RoadID sent products for Matt and I to test out. Matt wears the WristID Elite, and I tried the Ankle ID. Both of us liked the look of the products, and found them easy to wear during training activities. The Ankle ID was especially nice to have during a recent triathlon I did – I was able to wear my timing chip on my RoadID. It was kind of nice to have that peace of mind that if something happened to me, my friends and family would be contacted.

RoadIDs are easy to order – you visit their site, select your style and color, then go about personalizing the information engraved on the plate. Most people choose a format that looks kind of like this:

That’s it. Six lines, 24 characters per line. It’s not complicated – and yet, in an emergency, those 6 lines with 24 characters each can speak volumes about you. It may even save your life. It also can be a way to wear your inspiration. Many people put some sort of motivating quote in the “Et Cetera” line…Matt chose the poignant “MILES 2 GO B4 I SLEEP,” while mine reads “WHERE’S MY DAMN CUPCAKE?”

Don’t judge me. We all have our ways of being inspired.

RoadID is way cool, and on behalf of EMS professionals everywhere, please get one. I like all of you too much to let you go without one.  Also, RoadID has given us three gift cards to give away to three lucky NMAs. To win, comment below…if you won, what would you put on the “Et Cetera” line of your RoadID? Remember – it needs to be less than 24 characters!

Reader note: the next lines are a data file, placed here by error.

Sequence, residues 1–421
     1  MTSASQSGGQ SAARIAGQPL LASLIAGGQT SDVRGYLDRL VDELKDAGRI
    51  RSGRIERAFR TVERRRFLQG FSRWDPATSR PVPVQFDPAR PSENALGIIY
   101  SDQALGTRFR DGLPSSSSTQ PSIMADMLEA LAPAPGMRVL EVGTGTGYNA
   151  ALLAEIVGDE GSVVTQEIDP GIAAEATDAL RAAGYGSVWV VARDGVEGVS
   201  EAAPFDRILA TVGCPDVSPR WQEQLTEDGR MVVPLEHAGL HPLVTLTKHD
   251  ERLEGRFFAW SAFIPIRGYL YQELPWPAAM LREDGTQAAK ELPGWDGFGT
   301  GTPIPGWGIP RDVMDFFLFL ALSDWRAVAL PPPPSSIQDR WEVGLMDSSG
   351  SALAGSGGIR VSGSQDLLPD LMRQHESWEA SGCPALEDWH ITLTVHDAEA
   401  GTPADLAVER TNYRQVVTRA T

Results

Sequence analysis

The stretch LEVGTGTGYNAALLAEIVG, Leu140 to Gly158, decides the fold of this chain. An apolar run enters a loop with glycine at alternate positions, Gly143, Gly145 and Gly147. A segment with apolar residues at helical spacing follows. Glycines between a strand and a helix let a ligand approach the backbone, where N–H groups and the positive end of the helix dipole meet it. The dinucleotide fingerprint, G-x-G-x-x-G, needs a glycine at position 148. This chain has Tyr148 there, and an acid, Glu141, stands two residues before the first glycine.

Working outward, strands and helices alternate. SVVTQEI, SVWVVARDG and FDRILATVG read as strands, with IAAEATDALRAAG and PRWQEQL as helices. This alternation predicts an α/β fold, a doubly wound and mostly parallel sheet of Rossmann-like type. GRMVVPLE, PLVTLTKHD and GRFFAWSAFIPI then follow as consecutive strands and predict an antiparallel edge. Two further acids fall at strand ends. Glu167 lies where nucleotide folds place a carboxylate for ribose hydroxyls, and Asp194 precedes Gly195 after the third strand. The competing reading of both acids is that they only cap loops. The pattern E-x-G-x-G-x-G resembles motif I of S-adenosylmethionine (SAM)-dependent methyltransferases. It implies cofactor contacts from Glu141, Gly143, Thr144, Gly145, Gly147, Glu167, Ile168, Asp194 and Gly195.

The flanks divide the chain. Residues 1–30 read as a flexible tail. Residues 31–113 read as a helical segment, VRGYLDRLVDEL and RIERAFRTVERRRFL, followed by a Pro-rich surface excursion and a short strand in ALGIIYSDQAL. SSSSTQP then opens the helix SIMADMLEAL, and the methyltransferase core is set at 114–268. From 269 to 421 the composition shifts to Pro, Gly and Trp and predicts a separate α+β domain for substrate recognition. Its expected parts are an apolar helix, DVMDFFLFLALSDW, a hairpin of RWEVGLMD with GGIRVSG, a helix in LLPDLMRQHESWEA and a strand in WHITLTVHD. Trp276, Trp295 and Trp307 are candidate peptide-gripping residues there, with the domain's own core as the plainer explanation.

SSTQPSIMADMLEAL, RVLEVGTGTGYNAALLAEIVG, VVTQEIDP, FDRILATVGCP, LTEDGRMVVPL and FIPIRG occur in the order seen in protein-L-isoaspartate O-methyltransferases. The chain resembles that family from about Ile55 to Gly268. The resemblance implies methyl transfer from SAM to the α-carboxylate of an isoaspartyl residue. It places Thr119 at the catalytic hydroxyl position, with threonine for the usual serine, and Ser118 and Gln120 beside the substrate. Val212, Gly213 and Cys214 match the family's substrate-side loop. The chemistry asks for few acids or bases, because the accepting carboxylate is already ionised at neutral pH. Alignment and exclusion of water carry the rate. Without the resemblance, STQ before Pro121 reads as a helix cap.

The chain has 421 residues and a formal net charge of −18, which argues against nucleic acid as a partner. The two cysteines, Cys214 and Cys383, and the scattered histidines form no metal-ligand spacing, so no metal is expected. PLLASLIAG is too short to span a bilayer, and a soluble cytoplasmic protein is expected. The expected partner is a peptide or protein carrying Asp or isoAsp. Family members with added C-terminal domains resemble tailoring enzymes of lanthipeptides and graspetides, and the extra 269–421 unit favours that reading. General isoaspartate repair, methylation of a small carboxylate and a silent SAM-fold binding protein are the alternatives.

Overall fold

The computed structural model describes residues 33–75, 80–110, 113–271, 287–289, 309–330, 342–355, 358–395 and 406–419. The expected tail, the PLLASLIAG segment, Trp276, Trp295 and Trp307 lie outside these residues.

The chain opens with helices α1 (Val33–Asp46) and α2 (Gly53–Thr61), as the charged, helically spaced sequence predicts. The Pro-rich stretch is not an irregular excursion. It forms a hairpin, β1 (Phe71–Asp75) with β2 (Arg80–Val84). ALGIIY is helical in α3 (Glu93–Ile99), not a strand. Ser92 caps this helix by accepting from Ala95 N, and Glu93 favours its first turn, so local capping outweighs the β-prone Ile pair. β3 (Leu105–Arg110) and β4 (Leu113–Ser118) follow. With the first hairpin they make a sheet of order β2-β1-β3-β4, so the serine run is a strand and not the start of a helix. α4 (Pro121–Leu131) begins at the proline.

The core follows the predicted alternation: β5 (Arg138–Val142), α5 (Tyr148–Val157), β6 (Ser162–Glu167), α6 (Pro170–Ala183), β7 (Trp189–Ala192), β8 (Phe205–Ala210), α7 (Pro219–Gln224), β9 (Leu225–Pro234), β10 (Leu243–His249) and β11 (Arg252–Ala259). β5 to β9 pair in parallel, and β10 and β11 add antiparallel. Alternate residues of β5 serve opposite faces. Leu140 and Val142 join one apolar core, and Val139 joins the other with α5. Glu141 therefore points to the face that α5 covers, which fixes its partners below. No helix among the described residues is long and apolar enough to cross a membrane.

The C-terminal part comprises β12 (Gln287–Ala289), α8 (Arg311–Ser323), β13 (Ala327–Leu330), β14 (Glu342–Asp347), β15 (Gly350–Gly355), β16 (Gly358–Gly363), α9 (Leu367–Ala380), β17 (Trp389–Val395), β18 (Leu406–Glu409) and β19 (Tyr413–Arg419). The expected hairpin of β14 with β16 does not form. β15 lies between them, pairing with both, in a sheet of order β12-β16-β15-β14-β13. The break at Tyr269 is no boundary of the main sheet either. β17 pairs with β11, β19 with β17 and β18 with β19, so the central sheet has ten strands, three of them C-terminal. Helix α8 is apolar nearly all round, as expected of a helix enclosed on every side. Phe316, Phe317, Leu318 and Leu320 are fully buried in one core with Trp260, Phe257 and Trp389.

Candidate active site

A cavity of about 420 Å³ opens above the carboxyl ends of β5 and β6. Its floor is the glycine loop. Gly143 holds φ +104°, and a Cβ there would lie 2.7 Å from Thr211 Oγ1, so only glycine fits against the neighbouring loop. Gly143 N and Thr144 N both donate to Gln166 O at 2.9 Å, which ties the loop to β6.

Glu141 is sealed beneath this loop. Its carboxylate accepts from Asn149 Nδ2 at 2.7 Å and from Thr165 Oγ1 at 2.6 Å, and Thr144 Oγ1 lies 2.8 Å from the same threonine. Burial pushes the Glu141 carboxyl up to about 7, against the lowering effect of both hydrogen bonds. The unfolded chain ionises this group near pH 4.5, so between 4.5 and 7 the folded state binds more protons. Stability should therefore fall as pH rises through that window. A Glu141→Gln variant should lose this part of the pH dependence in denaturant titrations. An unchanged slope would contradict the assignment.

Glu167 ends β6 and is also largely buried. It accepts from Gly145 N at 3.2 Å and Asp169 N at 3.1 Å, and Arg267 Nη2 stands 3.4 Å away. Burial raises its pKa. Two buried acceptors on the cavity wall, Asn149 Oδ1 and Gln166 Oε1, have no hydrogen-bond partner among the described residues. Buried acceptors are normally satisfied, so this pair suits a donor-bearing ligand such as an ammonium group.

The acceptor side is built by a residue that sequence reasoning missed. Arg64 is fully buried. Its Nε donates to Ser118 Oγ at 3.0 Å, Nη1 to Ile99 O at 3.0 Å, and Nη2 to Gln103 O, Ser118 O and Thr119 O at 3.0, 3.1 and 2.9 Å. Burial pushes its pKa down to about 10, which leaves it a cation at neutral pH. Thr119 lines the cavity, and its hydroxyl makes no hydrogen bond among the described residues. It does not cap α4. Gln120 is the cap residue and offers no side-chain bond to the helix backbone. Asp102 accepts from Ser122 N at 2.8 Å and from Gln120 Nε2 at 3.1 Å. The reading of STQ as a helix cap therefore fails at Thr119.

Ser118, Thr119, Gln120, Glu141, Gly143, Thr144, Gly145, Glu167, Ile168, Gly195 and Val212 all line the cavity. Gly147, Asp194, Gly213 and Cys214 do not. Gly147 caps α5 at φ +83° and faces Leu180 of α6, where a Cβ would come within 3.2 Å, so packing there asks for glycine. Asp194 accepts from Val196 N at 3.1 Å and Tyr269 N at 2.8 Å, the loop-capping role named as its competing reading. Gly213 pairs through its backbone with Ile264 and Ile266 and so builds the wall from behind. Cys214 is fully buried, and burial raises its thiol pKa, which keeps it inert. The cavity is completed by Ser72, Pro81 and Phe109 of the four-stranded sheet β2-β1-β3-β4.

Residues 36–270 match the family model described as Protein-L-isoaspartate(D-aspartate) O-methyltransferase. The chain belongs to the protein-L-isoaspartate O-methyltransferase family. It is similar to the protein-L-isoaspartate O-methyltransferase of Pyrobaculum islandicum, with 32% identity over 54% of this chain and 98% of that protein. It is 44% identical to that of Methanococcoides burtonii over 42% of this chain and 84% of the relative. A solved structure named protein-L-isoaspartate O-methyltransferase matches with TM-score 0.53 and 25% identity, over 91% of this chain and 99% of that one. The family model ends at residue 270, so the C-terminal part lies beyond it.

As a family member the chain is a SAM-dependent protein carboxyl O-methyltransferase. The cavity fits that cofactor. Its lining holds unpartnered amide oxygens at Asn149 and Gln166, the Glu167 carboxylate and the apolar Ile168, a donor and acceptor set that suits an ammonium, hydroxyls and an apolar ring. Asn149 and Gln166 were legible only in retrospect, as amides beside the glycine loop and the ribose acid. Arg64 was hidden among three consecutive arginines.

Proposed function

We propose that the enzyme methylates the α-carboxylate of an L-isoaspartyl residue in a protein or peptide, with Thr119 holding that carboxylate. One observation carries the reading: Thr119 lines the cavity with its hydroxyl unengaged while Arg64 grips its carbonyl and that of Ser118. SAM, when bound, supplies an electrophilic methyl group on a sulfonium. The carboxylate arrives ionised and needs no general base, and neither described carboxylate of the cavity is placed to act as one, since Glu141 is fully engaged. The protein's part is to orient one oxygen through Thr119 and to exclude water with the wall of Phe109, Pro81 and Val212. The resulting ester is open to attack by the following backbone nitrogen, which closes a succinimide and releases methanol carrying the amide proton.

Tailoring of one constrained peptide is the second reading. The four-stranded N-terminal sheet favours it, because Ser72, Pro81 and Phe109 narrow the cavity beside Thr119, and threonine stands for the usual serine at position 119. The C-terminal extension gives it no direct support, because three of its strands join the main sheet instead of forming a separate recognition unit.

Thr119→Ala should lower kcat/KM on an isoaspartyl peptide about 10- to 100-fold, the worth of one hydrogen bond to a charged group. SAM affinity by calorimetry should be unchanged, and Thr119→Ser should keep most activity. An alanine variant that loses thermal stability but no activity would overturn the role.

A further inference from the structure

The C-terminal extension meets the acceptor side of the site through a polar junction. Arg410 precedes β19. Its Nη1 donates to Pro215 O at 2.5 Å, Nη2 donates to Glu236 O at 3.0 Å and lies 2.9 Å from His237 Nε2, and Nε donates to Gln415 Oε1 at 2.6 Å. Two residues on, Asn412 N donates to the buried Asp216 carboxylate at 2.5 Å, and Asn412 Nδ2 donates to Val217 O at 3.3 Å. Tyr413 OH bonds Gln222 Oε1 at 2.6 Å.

This post is part of a six-part guide designed to help the beginning triathlete get started (without screwing up too badly).  Check out the entire series!

91 Comments

 


Dig this post?
Spread the word!

Keep in touch:

How to Train for Your First Triathlon on a Plant-Based Diet


triroadmapcoverEver wished there was just a roadmap to guide you to the finish of your first triathlon, starting from where you are now? The No Meat Athlete Triathlon Roadmap covers everything you need to know to train for and race your first triathlon on a plant-based diet, including:
  • How to choose the perfect race for YOU
  • A 12-week training plan that shows you exactly what to do to safely increase your fitness and endurance
  • What to eat before, during, and after your workouts in order to maximize their effectiveness
  • Equipment basics, so you know what you need (and what you don’t)
  • A sample meal plan with 20 high-energy plant-based recipes for endurance training
  • A walkthrough of the race itself, so you'll know just what to expect on race day
  • Audio interview with pro Ironman triathlete Hillary Biscay
Click here to learn more »

Comments

  1. I LOVE my RoadID. I actually opted out of the motivational phrase to include my blood type and specify myself as a blood donor. I figure if I survive, the first part would be applicable; if I don’t, the second. 😉